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I'm always confused about people who complain about battery life not lasting over a day. How often are you not near a source of electricity at least once a day?

That being said, my Nexus S tends to run out after about 10 hours now, which is intensely frustrating.




> How often are you not near a source of electricity at least once a day?

It's a major issue when traveling, which is when you want your fancy smartphone mapping features the most. If you want to be able to use it later in the day, you have to be careful not to use it too much earlier.

I've been pleasantly surprised with the Galaxy Nexus battery life though, which usually lasts me just about two days.

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A car charger usb port has been a one of the more useful things I've gotten for my car in the past few years.

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that helps when travelling in a car but if backpacking or on a plane, bus, train, or in less developed cities plugs can be rather difficult to find.

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I'm always confused about people who complain about battery life not lasting over 10 hours.

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Get up from hotel room and leave before 8 to make it to the conference. On the move all day till it ends around 6. Starving. Time to Yelp up a good place to eat in this town and map my way there. Oh wait.

God help you if you took pictures or used your map application much during the actual course of the day.

The day smartphones can allow a user to use every core application heavily (maps, email, voice, camera) all day from the time they leave their bed in the morning till the time they return to it will be a great day imho. It isn't every day that you're travelling for business, but it's these users and these situations that feel the pain points of battery life the most. It happens to millions of people all the time, every day.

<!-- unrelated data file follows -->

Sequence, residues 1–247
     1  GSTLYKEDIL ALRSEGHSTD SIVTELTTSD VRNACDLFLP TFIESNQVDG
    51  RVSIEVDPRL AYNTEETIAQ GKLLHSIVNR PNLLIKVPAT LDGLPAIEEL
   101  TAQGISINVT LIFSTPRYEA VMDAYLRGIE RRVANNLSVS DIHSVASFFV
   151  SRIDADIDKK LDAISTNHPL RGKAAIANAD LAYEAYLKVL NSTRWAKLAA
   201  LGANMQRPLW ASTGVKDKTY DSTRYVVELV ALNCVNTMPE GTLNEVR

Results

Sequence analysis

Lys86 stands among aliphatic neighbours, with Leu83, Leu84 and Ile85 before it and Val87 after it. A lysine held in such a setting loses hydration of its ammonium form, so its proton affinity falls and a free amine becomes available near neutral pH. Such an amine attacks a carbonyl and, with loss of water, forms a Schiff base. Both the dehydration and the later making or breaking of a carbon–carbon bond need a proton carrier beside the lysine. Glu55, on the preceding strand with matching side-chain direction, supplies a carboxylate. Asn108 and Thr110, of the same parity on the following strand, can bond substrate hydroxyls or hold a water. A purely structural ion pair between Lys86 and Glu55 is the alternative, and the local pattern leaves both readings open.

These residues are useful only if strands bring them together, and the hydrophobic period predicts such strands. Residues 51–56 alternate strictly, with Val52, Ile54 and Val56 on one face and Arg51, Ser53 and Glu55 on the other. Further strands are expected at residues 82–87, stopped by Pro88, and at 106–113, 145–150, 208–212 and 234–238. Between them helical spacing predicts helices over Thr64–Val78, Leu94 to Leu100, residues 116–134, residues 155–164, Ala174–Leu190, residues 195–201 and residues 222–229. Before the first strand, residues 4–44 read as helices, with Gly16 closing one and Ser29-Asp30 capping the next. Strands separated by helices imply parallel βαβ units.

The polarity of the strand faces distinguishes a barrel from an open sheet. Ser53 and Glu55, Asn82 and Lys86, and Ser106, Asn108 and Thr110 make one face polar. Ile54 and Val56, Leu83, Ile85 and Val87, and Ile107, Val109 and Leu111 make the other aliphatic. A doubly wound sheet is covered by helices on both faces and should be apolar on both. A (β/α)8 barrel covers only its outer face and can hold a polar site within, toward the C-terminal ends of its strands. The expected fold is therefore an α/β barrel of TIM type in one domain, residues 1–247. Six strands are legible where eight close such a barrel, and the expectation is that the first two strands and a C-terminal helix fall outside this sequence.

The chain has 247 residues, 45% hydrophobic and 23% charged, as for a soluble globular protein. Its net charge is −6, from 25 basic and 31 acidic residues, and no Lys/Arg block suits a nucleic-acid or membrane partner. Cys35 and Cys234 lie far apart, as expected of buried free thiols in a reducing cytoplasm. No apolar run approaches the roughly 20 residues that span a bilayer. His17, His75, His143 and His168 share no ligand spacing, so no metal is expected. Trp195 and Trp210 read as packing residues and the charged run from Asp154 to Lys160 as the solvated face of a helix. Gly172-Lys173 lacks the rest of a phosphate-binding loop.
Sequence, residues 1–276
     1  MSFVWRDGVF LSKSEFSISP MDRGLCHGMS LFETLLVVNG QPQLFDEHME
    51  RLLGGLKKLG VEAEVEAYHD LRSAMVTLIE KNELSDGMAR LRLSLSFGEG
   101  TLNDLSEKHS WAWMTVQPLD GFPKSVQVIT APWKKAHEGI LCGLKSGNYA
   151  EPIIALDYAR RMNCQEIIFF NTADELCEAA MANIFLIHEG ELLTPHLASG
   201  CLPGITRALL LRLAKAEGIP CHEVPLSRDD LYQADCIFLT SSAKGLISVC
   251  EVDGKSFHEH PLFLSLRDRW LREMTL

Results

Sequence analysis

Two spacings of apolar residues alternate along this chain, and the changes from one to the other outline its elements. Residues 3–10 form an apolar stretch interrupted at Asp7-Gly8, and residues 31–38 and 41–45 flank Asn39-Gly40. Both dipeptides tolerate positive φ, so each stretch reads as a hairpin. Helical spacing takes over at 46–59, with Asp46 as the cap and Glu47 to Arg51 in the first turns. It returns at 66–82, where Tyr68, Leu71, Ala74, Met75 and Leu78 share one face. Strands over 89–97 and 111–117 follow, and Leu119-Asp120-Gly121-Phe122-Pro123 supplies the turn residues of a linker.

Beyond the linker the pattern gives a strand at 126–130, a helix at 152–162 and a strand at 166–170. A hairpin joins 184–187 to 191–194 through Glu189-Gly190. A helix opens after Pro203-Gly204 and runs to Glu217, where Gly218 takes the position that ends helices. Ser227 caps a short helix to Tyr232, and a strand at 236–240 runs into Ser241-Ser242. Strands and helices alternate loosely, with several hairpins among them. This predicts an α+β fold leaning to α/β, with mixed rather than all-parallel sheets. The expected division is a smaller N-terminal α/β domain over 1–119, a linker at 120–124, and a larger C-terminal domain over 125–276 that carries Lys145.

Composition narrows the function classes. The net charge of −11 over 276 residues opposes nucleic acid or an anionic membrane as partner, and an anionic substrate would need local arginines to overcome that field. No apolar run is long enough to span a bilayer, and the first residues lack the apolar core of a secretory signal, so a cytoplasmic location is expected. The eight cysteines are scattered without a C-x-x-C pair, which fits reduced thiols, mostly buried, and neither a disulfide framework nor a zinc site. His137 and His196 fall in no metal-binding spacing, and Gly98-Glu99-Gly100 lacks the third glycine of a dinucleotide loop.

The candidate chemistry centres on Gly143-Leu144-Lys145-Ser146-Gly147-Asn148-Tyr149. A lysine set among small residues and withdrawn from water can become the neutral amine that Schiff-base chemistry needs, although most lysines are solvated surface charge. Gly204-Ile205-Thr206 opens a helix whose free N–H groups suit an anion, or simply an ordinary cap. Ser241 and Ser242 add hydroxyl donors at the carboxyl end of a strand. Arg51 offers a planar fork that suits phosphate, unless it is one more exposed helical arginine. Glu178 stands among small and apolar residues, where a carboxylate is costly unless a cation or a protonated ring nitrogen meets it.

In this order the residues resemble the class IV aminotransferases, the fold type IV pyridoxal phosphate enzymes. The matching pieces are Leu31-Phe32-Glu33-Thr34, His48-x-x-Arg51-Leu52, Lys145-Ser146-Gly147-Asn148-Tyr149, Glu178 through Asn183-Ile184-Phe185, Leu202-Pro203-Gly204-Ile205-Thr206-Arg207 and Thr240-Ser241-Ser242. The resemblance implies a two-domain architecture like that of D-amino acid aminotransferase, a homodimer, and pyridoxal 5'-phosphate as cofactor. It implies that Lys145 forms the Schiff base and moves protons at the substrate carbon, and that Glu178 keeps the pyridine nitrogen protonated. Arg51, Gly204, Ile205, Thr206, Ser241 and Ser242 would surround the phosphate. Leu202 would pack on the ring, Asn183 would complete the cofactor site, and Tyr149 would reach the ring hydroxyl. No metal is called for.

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I think you missed the jab the parent post took at the grandparent post.

Just because you don't think you need x amount of hours of battery doesn't make it useless for everyone else.

Also, people who question why do you need more? Because you can do more things. Our usage of smartphones is increasing in many ways and improved battery life should not be counted in terms of how many hours of talktime it will give you, but how many hours of <insert heavy battery eating application here> use it will give you.

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>I think you missed the jab the parent post took at the grandparent post.

Wait. Are you saying I missed an expression of sarcasm on the internet? Sorry manaskarekar, but that's impossible.

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For one, when travelling, you can sometimes go for a while without having a chance to plug in and charge (due to not being on one place for long, bags being inaccessible, not having outlets on a long plane ride, etc).

But even when not travelling, I will sometimes forget to plug my phone in one night. It's really frustrating when it dies the next morning before I have a chance to recharge it again.

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The unfortunate irony is I need my phone the most when I'm away from my computer for long periods of time, and these are the only times I run out of battery. I run out of battery maybe three times a year, but when it happens it's often a pain.

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what's the point on having a battery if you have to charge it often? Since obviously there are solutions that drain less battery, "charge it more often" is an inferior experience.

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